“When developing our online strategy, we knew not to overbuild with too much technology too fast because it would be too costly to support an emerging business model,” says Bob Dunst, executive vice president and chief technology officer of Albertson’s. “Traditional grocery chains not only have retail infrastructures with brand recognition, they also have dependable wholesale vendor relationships and pricing structures with manufactures of consumer products. This translates into purchasing power and operating efficiencies, as well as competitive price advantages that pure-play companies cannot match.”
Albertson’s launched its first online offering in Seattle in November 1999. It kept a low profile and scoped out the market. Only after the firestorm of dot-com failures had cleared away some of the competition did Albertson’s expand, and then it did so in rapid order. Last October, nearly two years after the Seattle launch, Albertson’s offered online grocery shopping in San Diego. Four months later in February, it expanded to Los Angeles, Riverside and Orange counties in California, then the next month to San Francisco and Portland, Ore. “The test period for the centralized fulfillment center was quite brief,” Dunst says.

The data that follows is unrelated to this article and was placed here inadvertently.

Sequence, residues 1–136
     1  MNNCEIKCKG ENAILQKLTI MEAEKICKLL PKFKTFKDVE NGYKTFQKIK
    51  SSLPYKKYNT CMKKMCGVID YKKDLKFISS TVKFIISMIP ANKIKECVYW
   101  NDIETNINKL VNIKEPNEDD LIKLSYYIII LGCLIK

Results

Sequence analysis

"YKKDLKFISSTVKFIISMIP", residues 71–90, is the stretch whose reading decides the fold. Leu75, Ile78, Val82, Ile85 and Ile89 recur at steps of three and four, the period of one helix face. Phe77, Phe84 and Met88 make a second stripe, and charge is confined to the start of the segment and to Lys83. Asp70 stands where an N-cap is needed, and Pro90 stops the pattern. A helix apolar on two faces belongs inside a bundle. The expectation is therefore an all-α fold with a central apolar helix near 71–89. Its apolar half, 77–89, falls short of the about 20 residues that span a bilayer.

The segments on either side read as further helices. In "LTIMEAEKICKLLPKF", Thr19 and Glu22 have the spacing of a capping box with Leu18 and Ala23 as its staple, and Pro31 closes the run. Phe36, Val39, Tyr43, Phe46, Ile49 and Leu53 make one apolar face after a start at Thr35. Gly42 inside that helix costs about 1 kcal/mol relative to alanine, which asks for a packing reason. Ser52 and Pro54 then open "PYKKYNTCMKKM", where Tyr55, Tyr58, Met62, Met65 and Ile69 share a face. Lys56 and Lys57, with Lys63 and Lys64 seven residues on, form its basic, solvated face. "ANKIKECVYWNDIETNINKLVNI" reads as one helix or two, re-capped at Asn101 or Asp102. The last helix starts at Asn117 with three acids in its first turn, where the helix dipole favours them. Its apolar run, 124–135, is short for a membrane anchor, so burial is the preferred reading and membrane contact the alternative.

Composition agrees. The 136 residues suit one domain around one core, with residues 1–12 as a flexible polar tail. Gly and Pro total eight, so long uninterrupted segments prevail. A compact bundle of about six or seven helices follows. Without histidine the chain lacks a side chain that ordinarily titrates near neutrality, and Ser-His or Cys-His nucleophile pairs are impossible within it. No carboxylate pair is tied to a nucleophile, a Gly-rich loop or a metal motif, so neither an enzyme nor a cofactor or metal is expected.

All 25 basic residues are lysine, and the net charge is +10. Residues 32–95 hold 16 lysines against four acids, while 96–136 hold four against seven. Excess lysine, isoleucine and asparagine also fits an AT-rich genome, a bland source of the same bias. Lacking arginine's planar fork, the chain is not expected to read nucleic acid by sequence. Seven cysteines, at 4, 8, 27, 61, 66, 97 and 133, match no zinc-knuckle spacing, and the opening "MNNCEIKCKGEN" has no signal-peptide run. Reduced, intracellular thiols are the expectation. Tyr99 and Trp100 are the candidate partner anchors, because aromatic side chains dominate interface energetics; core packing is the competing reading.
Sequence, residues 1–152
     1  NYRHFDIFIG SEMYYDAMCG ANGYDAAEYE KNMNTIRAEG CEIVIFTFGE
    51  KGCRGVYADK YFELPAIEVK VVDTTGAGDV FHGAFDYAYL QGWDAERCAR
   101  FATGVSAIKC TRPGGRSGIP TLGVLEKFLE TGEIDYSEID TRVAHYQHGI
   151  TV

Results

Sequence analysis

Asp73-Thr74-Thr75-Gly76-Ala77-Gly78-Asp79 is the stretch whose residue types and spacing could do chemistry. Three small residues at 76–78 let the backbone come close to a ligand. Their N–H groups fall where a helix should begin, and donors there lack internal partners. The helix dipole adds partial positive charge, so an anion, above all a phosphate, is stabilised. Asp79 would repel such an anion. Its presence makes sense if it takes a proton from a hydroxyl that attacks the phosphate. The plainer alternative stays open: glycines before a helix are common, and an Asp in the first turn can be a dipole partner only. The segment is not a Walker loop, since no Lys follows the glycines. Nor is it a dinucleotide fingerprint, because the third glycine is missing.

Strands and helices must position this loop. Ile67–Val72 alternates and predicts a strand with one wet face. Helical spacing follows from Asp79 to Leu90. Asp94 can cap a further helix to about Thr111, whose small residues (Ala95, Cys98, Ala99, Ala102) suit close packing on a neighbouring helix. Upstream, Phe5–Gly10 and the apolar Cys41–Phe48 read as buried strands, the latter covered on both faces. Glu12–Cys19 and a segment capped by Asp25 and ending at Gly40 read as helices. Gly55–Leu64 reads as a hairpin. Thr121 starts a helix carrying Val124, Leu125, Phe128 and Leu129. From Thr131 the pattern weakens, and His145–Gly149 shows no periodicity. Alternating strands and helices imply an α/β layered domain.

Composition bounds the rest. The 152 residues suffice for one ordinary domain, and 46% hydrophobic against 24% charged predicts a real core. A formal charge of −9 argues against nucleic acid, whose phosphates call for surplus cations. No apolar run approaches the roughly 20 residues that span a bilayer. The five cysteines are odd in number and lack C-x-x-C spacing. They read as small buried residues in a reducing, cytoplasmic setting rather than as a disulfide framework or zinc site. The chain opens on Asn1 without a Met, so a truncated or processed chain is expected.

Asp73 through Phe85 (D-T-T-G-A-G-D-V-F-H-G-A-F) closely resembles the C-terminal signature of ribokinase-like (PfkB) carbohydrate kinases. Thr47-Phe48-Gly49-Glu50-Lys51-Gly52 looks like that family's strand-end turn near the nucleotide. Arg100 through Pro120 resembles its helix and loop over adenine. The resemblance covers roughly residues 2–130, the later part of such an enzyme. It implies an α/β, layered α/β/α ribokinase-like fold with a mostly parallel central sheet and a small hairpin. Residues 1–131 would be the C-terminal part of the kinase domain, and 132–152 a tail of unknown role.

Today, its online offering covers 3,664 ZIP codes served by over 550 stores and nine fulfillment centers. It also allows customers to place orders over the web and pick them up at their neighborhood stores. It’s the only chain offering online shopping in all western states. And Albertson’s executives have said it’s a safe bet that further expansion is on the way.
While the brand and the supermarket infrastructure are crucial to Albertsons.com’s success, the technology makes it possible, Dunst says. “Offering the convenience of the computer, the variety and product quality of the supermarket, speed of home delivery and the courtesy of our delivery specialists, all at reasonable pricing, seems simple, but it’s a massive logistics challenge that would be impossible without today’s technology,” says Dunst, a 25-year veteran of the supermarket industry, many of them in key technology management positions. “Twenty-five years of experience in managing the technology function within the grocery and drug store industry have given me the vision to see how online shopping was just another opportunity for Albertson’s to provide its customers with the service they have come to expect.”
Dunst says it’s too early to tell what benefits Albertson’s has gained from online shopping. Other chains that offer an online option believe they have gained market share through a web offering. Albertson’s likes what it sees so far. “Our Internet product results are very encouraging and we continually tweak Internet shopping so that it will become a business sector with sales and profit growth characteristics that are akin to its in-store brethren,” Dunst says. “We continue to evaluate new markets to which we can expand this service.”
By Andrea McKenna